How Five More Senators Could Serve Arizona by 2025

Senator-elect Kyrsten Sinema is the fourth of a potential eight senators in Arizona over a roughly six-year span.EXPAND
Senator-elect Kyrsten Sinema is the fourth of a potential eight senators in Arizona over a roughly six-year span.
Gage Skidmore/Flickr
Keep New Times Free
I Support
  • Local
  • Community
  • Journalism
  • logo

Support the independent voice of Phoenix and help keep the future of New Times free.

Arizona has finally elected its first female senator in Kyrsten Sinema. Soon, Sinema will be one of the four people in Arizona who have served in the U.S. Senate within two years. That already seems like too many, because only two elections for senators have occurred in the past two years. But in theory, four more people could serve as senators in Arizona between now and 2025. I'll explain...

In 2016, John McCain was elected to serve his sixth term as U.S. Senator. He defeated Ann Kirkpatrick who was just elected to serve the U.S. House of Representatives in Arizona's 2nd Congressional District, and would serve alongside Jeff Flake, who was elected in 2012 for just one term before he would opt to resign instead of run for re-election. So, that's two senators Arizona had in 2018.

Fast forward to August 2018, when Senator John McCain died after the deadline to get a special election for his replacement, meaning by state law Governor Doug Ducey would have to name a successor to the Senate who would serve until the next general election, which in this instance would be until 2020.

Ducey appointed Senator Jon Kyl, who was the predecessor to Jeff Flake. That's three. Only Kyl made things interesting when he said he most likely would not continue after the current Senate session, which closes at the end of 2018.

On November 12, Republican candidate Martha McSally conceded her hotly contested Senate race to the Democrat Sinema. Sinema will become the fourth senator from Arizona since 2018 when she gets inaugurated in January 2019.

But it doesn't stop there. Ducey, who defeated Democratic challenger David Garcia in a landslide, will soon get to appoint another successor when Kyl steps down.

Let's go out on a limb and say he appoints Martha McSally to replace Kyl, who replaced McCain. McSally just received more than 1 million votes (and counting), and is obviously well-supported statewide. Good luck finding another candidate who Arizonans will support that much. So then there will be five.

However, and here's where this gets a little tricky, if McSally gets appointed in January 2019, she still has to run to get elected in 2020 to finish off McCain's six-year term, which ends in 2022. But what if she runs in 2020 and loses? That elected senator, whether it's former Arizona Attorney General Grant Woods (who was also McCain's chief of staff) or Congressman Ruben Gallego (to throw out a couple of names), would become senator number six since this year. Maybe Ducey himself would opt to resign as governor to run for the Senate.

But as just mentioned, running in 2020 means it's only a two-year term. The winner, should he or she want to remain a senator, would have to run again in 2022 for a full six-year senate term.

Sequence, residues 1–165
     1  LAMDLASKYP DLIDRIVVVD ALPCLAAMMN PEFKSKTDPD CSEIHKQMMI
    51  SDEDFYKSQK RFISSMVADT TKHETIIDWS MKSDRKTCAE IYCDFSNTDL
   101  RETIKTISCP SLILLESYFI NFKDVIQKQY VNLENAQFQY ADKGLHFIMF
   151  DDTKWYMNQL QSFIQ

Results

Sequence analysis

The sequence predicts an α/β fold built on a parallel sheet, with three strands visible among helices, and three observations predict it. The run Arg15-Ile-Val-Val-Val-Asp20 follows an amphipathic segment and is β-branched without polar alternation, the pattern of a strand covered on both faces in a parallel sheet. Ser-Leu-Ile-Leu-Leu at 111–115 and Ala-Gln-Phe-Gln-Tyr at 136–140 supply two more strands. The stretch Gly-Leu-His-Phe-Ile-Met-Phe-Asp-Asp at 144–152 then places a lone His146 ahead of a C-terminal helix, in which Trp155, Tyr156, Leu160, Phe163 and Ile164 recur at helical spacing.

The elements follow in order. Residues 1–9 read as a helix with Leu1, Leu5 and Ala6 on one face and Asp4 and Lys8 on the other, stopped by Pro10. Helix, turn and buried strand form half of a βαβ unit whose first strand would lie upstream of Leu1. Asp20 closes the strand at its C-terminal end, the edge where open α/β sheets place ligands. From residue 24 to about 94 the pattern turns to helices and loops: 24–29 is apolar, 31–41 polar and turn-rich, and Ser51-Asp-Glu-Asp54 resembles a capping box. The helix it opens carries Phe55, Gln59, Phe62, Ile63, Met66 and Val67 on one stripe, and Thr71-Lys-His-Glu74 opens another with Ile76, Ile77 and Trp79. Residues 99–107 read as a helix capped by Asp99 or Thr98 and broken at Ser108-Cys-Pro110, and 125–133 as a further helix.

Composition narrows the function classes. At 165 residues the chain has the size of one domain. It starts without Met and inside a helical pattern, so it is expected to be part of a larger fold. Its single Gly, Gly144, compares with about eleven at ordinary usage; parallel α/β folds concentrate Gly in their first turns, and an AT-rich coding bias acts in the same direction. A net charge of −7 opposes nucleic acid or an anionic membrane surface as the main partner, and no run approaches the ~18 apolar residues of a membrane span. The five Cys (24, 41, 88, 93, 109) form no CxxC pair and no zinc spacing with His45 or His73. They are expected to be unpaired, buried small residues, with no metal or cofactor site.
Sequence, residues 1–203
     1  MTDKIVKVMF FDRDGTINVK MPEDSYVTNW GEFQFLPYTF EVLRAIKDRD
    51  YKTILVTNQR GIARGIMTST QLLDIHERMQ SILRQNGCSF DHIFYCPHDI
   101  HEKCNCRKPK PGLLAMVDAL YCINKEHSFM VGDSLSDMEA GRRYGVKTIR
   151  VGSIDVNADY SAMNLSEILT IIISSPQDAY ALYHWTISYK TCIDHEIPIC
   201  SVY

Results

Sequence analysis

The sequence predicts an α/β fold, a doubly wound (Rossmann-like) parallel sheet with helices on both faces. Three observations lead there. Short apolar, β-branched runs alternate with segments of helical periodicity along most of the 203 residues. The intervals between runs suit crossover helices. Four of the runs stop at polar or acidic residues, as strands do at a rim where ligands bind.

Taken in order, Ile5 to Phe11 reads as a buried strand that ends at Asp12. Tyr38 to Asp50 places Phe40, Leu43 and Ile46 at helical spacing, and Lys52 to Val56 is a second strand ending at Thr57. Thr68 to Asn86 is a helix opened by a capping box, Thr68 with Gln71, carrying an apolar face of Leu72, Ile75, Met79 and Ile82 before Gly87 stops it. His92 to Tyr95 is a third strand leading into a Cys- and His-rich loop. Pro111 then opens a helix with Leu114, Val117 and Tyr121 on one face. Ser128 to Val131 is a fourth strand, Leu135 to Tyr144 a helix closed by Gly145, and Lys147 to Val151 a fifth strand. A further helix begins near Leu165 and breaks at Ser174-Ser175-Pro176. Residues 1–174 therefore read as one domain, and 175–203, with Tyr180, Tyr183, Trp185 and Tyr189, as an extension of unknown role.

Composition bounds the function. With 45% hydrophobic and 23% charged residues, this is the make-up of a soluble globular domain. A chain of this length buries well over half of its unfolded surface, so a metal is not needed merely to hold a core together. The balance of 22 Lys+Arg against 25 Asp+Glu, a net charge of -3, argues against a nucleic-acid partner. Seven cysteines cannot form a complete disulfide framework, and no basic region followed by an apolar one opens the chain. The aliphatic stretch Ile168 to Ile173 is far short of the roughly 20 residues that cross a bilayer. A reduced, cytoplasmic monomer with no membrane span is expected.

If that person loses, the winner in 2022 would become Arizona's seventh senator in four years.

Almost done.

Now, imagine that during all of this time changing the senator for that one seat in Arizona, Sinema's first Senate term is now just two years from being complete — meaning that in 2024 there will be yet another Senate election in Arizona. And, if somebody challenges Sinema and wins, a potential eighth senator since 2018 would start work in January 2025. (Sorry Senator-elect — don't think about it. Anyway, there's no time like the present to start campaigning.)

And you thought this Senate election was frustrating?

Keep Phoenix New Times Free... Since we started Phoenix New Times, it has been defined as the free, independent voice of Phoenix, and we would like to keep it that way. Offering our readers free access to incisive coverage of local news, food and culture. Producing stories on everything from political scandals to the hottest new bands, with gutsy reporting, stylish writing, and staffers who've won everything from the Society of Professional Journalists' Sigma Delta Chi feature-writing award to the Casey Medal for Meritorious Journalism. But with local journalism's existence under siege and advertising revenue setbacks having a larger impact, it is important now more than ever for us to rally support behind funding our local journalism. You can help by participating in our "I Support" membership program, allowing us to keep covering Phoenix with no paywalls.

We use cookies to collect and analyze information on site performance and usage, and to enhance and customize content and advertisements. By clicking 'X' or continuing to use the site, you agree to allow cookies to be placed. To find out more, visit our cookies policy and our privacy policy.


Join the New Times community and help support independent local journalism in Phoenix.


Join the New Times community and help support independent local journalism in Phoenix.